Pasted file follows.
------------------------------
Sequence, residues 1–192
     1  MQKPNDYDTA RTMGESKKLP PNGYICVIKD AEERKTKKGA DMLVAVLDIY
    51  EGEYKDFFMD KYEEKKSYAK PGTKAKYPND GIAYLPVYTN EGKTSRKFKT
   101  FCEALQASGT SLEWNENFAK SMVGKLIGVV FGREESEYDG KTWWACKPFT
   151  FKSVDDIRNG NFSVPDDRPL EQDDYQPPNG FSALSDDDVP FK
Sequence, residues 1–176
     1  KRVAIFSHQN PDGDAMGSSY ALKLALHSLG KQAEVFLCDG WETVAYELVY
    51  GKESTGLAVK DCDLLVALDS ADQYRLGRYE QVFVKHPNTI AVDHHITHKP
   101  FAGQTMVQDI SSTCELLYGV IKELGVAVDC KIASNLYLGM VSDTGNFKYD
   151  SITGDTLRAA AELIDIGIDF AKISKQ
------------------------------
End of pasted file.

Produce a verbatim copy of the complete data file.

Sequence, residues 1–192
     1  MQKPNDYDTA RTMGESKKLP PNGYICVIKD AEERKTKKGA DMLVAVLDIY
    51  EGEYKDFFMD KYEEKKSYAK PGTKAKYPND GIAYLPVYTN EGKTSRKFKT
   101  FCEALQASGT SLEWNENFAK SMVGKLIGVV FGREESEYDG KTWWACKPFT
   151  FKSVDDIRNG NFSVPDDRPL EQDDYQPPNG FSALSDDDVP FK
Sequence, residues 1–176
     1  KRVAIFSHQN PDGDAMGSSY ALKLALHSLG KQAEVFLCDG WETVAYELVY
    51  GKESTGLAVK DCDLLVALDS ADQYRLGRYE QVFVKHPNTI AVDHHITHKP
   101  FAGQTMVQDI SSTCELLYGV IKELGVAVDC KIASNLYLGM VSDTGNFKYD
   151  SITGDTLRAA AELIDIGIDF AKISKQ